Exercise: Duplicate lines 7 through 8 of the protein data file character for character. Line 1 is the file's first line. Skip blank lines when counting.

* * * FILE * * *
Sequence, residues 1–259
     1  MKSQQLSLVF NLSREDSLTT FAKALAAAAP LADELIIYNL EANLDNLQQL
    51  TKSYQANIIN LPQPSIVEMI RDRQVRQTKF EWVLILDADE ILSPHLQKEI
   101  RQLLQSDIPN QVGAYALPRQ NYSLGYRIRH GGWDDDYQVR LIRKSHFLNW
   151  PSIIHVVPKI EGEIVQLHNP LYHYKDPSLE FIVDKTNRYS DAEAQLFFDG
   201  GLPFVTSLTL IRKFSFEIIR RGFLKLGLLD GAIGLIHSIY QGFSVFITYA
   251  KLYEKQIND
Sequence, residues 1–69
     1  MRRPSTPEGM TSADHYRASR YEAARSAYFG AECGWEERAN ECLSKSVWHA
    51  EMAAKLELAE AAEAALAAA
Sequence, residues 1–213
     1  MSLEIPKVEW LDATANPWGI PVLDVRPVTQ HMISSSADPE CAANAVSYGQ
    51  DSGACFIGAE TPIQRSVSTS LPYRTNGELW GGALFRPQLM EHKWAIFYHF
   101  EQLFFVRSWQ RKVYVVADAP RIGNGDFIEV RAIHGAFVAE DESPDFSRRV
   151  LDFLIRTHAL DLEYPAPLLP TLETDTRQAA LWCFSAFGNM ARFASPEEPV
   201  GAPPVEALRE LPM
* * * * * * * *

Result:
   251  KLYEKQIND
Sequence, residues 1–69